Have you noticed how your elderly pet dog has slowed down lately? If you’ve noticed that it’s getting difficult for him to walk or play with ease, and that he shrinks from physical activities, he might be suffering from arthritis. You have to ensure that the disease is detected early and treated without delay. It would be even better if you can prevent the onset of this painful ailment. Follow the tips given below to prevent, detect and treat arthritis in dogs.

Preventing Arthritis in Dogs
The first thing that you must remember is that it is impossible to prevent setting in of the age and its usual accompanists. The best you can do is following a healthy routine in order prevent the diseases that come with age and ensure good health of your canine.

1.      Control The Food Amount
Just like in the case of human beings, over eating and obese problems are prevalent in pets. Follow your pet’s diet chart carefully and avoid over feeding him. It can be hard to ignore your pet’s continuous pleas for treats, but you have to be strict with his diet so that he leads a healthy life. You can switch to pieces of carrots as treats as a good non-fat food item.

2.      Don’t Ignore Activity
Activity is very important to a pet’s health just as it is important for your health. Spend a considerable time every day playing with your pet or taking him out for a run. You can actually use this time to bond with your pet!

3.      Visit The Vet Regularly
A regular check by a professional vet is a good way of monitoring and curing the small problems that your pet suffers from with age. This will ensure his long-term fitness.

Recognizing Arthritis in Dogs
No matter how much care and love you shower your pet with, he will show signs of aging and arthritis in the long run. Early detection of the disease will ensure that you can start the treatment at the earliest so that your pet’s suffering is minimized. The usual signs of arthritis in pets include:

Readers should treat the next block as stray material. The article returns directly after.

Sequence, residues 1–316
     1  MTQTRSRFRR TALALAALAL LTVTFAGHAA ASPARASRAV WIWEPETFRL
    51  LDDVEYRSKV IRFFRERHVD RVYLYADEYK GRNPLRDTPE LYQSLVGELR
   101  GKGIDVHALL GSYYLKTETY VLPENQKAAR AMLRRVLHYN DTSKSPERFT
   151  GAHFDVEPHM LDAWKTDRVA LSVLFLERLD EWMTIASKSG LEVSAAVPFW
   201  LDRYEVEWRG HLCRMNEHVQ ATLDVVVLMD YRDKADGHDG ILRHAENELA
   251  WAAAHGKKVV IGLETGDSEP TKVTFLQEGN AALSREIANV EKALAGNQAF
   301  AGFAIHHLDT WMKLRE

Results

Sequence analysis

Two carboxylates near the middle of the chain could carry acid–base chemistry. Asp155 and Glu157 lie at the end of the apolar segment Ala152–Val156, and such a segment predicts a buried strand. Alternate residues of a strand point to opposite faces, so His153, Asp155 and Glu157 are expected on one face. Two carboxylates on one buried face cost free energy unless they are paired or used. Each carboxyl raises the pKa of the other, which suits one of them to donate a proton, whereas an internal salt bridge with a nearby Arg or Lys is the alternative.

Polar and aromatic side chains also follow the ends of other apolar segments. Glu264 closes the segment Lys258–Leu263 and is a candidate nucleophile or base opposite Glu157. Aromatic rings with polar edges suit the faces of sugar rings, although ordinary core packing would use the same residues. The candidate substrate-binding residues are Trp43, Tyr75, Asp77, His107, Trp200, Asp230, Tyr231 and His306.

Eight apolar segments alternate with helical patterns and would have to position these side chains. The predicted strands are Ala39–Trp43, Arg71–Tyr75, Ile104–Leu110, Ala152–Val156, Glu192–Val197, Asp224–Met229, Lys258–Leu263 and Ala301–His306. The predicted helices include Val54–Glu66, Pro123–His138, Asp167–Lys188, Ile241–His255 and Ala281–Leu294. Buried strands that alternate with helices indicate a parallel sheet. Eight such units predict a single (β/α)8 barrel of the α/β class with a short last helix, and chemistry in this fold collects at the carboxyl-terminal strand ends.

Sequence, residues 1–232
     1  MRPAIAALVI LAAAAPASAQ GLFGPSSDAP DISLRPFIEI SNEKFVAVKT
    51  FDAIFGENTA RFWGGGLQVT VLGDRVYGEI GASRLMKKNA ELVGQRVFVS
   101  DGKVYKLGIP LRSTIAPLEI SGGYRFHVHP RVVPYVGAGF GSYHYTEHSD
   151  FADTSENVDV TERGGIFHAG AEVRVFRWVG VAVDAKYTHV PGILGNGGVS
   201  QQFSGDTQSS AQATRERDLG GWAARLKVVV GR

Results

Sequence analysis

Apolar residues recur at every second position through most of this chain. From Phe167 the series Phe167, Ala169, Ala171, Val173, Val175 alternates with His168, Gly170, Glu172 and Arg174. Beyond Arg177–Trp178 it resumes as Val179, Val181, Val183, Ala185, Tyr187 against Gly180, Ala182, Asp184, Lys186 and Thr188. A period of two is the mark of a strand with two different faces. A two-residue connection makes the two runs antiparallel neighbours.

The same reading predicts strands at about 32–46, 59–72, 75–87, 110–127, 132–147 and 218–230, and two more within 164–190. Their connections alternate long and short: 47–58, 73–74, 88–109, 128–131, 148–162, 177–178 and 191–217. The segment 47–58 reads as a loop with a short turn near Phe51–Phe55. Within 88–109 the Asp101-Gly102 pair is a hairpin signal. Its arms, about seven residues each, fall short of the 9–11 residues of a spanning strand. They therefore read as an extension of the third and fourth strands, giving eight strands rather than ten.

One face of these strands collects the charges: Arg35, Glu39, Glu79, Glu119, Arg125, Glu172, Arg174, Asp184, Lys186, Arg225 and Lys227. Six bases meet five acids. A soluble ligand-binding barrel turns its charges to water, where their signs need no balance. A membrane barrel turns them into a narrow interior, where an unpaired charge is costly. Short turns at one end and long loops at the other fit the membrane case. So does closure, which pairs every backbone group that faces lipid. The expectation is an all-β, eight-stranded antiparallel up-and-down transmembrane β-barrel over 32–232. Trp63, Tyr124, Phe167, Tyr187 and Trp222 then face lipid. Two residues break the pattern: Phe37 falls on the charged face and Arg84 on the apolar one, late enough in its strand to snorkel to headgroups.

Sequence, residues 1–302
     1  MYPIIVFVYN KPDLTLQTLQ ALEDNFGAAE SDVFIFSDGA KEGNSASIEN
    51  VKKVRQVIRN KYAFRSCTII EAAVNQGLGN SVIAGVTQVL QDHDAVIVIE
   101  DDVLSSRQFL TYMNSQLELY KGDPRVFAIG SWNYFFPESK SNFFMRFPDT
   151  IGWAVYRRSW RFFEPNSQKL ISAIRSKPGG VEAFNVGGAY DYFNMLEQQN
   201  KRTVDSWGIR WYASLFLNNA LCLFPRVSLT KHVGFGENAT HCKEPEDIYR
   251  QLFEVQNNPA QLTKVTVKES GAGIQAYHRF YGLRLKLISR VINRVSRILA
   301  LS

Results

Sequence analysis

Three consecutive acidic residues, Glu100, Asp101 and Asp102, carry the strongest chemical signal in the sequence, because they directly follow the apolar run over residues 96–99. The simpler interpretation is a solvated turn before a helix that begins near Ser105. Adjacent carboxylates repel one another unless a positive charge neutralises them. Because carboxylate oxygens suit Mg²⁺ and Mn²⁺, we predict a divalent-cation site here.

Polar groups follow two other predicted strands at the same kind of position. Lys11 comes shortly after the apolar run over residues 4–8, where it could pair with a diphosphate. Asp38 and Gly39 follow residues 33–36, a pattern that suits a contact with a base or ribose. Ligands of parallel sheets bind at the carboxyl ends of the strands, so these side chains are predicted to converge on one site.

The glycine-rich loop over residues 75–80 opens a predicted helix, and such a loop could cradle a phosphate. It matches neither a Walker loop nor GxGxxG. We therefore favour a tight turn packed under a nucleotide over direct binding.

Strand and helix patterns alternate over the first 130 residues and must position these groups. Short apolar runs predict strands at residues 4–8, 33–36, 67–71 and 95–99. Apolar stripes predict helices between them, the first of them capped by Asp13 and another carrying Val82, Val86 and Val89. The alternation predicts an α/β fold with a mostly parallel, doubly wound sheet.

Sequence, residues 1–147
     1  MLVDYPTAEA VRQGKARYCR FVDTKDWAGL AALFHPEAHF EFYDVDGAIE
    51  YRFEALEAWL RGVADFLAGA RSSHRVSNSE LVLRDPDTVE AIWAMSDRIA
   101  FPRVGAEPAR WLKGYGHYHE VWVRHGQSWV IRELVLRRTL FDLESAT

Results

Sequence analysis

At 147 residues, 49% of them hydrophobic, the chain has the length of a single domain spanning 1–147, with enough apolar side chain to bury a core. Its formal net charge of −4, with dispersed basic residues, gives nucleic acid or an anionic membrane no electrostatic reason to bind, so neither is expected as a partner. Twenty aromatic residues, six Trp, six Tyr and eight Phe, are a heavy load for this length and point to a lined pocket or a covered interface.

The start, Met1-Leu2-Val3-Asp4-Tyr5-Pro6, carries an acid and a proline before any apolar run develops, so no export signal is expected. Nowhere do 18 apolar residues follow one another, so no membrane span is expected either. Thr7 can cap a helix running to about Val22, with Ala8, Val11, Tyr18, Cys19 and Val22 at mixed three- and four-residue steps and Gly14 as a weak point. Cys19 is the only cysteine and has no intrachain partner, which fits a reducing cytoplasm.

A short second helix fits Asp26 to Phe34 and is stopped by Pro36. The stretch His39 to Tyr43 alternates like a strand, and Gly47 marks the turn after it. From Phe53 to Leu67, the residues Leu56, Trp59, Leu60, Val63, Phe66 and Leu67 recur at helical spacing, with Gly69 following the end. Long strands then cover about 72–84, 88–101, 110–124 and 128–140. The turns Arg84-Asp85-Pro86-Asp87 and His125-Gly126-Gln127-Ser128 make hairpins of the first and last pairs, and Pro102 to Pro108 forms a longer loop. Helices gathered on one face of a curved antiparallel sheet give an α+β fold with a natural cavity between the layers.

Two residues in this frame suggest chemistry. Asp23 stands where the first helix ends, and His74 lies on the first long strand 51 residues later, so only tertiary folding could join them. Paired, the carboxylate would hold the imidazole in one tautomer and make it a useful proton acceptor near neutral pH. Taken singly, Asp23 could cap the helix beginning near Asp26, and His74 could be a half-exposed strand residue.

• Limping
  • Sleeping more
  • Reluctance towards walking or standing
  • Decreased activity
  • Changes in attitude or behaviour
  • No interest in playing

At-Home Tips to Ease Arthritis in Dogs
While most people will ask you to visit a vet immediately and to buy a couple of dog supplies to make things easy for your arthritic dogs, there are also a number of at-home treatments that you can do for your little canine friend:

1.      Workout
Shedding the fat and excess weight will ensure that his joints are carrying lesser weight. Start taking him out for walks and making him run in order to shed the weight.

2.      Vitamins
Give him daily doses of pet vitamins containing glucosamine and chondroitin in order to ease his discomfort and pain resulting from arthritis.

3.      Omega 3 Fatty Acids
Omega 3 fatty acids are great for the joints as they act as anti-inflammatory agents. You can introduce this nutrient in your pet’s meal by mixing fish oil pills in his diet.

Remember that a timely and regular visit to the vet is the best way to prevent as well as detect and cure the problem of arthritis. You mustn’t delay going to the vet in case you see that you at-home remedies are not having the desired effects.

Guest blogger Lisa Lyttle is a work-at-home mom and owns two little poochs. Lyttle makes innovative yet cheap halloween costumes to make a living. You can click the link to check out adult animal halloween costumes made by her.